Advocating for animals through film…and finding the resources to do it

When one considers effective ways to advocate for the well-being of animals, the first things that come to mind usually include reaching out to congresspeople, donating to and volunteering at worthy charities, consolidating spending power to eliminate abusive industry practices, and signing petitions to help animal welfare and wildlife conservation groups lobby lawmakers in Washington—all of which are essential for success.

In recent years, however, an additional advocacy strategy is demonstrating large-scale success in directing the public consciousness toward wildlife conservation and animal welfare reform: documentary film. An Inconvenient Truth, one of the most successful U.S. documentaries ever made, opened people’s eyes to the impact of their actions on the environment and, among many other recognitions and nominations, received the 2007 Academy Award for Best Documentary Feature. Last year, that same award went to The Cove, a film that exposed the cruel treatment and slaughter of wild dolphins for meat—found to contain harmful levels of mercury—at a secluded, heavily guarded cove in Taiji, Japan.

With the 83rd annual Academy Awards airing this evening, the season for recognizing 2010’s most outstanding movies reaches its climax and provides a perfect opportunity to highlight another successful newcomer among animal advocacy documentaries. Equine Destiny, a collaborative effort between Change for Balance Productions in Irvine, California and the Huntington Central Park Equestrian Center in Huntington Beach, exposes the widespread abuse and slaughter of America’s horses happening largely outside of public awareness in the U.S. In addition to the four awards it won at the 2009 Los Angeles Reel Film Festival, the documentary short received 1st Place and awards for Best Visual Effects and Best Narration at the 2010 Los Angeles Movie Awards at the end of the year.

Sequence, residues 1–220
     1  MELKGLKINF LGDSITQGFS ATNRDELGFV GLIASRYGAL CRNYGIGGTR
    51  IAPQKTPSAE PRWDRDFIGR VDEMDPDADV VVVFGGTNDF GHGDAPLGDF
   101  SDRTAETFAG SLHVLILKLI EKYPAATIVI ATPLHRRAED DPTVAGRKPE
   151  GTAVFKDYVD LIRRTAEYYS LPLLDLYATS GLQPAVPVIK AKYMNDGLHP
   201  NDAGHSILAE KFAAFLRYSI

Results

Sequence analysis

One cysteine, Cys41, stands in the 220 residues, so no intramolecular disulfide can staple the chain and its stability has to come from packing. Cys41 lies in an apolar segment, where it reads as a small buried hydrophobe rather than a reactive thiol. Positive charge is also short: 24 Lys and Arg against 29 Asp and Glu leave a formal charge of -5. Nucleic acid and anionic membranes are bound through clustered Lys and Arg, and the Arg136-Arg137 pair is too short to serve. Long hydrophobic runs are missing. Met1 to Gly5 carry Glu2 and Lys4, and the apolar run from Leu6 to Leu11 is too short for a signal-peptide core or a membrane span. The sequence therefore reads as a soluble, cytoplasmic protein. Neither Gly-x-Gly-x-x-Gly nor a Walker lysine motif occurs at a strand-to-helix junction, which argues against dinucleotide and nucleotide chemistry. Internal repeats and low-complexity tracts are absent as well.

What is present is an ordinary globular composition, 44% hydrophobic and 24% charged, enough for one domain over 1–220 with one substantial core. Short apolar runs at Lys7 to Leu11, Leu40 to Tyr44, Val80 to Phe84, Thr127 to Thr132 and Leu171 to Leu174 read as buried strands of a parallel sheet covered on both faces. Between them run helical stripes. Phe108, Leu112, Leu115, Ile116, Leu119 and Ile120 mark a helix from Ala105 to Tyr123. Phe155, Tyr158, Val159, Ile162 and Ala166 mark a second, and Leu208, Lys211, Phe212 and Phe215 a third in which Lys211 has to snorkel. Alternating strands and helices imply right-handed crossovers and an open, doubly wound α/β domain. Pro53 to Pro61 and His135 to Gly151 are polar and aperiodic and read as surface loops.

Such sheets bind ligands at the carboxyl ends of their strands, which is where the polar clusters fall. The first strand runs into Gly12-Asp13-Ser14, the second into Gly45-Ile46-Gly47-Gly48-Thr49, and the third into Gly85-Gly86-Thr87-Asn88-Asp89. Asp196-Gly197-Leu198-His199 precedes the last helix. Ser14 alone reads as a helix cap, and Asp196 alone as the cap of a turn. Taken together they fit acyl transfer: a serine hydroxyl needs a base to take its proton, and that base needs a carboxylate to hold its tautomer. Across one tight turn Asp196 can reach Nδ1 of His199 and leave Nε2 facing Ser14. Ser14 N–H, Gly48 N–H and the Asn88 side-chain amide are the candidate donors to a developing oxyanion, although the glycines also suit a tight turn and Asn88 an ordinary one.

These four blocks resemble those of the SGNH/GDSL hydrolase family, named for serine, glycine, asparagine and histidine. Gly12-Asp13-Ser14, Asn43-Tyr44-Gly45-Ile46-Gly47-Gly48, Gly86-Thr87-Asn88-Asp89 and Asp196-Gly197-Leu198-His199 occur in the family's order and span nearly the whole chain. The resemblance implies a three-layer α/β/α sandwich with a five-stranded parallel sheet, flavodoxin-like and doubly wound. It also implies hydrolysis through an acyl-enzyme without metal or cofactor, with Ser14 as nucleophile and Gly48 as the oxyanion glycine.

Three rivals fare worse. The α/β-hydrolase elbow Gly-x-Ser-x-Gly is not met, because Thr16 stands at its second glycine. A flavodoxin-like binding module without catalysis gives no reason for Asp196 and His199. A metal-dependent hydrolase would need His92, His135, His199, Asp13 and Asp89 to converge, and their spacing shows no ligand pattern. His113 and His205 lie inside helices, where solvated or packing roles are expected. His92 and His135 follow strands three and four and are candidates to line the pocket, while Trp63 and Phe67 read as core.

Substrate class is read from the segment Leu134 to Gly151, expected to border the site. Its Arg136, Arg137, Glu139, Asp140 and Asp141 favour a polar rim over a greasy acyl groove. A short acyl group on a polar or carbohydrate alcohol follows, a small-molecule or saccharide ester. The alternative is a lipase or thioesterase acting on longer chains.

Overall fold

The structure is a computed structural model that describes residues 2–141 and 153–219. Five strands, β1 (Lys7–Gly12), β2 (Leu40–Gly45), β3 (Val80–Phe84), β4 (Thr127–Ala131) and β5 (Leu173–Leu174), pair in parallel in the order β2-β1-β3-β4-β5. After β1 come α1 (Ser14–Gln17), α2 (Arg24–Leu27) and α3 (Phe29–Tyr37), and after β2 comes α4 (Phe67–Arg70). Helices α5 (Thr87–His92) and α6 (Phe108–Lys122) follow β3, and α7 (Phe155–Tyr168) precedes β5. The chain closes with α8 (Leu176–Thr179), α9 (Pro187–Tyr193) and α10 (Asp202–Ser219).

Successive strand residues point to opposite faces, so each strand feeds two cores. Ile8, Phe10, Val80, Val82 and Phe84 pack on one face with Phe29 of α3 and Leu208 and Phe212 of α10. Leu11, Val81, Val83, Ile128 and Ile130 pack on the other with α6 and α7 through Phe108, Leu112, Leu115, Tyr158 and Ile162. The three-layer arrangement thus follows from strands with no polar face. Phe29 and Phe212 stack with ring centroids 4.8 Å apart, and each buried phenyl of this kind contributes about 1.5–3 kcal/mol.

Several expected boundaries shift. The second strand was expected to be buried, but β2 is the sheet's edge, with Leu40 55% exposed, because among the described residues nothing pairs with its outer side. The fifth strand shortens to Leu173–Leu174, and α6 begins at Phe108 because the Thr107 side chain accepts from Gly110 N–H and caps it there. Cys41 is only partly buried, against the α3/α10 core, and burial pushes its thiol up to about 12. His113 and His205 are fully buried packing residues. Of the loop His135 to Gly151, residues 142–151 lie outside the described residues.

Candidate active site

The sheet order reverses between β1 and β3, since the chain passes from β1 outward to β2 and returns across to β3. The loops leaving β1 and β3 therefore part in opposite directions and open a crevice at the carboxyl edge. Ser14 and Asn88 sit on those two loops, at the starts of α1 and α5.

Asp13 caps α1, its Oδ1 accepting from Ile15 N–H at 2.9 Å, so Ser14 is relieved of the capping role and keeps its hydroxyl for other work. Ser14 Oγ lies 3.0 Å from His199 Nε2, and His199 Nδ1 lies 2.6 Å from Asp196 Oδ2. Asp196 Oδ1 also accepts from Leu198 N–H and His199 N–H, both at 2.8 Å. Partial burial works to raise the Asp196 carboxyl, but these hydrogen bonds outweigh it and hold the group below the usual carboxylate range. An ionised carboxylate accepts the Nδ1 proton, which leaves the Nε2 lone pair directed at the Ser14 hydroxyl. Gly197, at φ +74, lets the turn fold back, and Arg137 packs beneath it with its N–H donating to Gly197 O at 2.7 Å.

The Lion’s Share spoke with producer Adam Steel about fundraising for the film, viewing opportunities, how people can help horses, and his advice to other documentary filmmakers.

Claire Sterling, The Lion’s Share (TLS): It’s encouraging to hear that Equine Destiny has received so much recognition and acclaim at film festivals on the West Coast, and that the film is raising awareness about the plight of America’s horses. What opportunities are there for those of us in other areas of the U.S. to see the film?

Adam Steel, Change for Balance Productions (CFBP): We’re working with equestrian centers, equine rescue organizations, and the equestrian community around the country to host local private screenings of the film followed by Q&A sessions with a member of the Change for Balance team. We’re hoping to bring Equine Destiny to Long Island in the next couple of months. Our target audience is the non-horse-owning public, including those who aren’t necessarily “horse people,” because they have the most to learn about the issues explored in the film, and their involvement in helping to address these issues is critical. Our ultimate goal is to bring Equine Destiny to every TV in America in order to reach the broadest audience possible. We’re not selling the movie on DVD at this point so that we can retain exclusive rights and hopefully drum up support from more distributors and potential investors.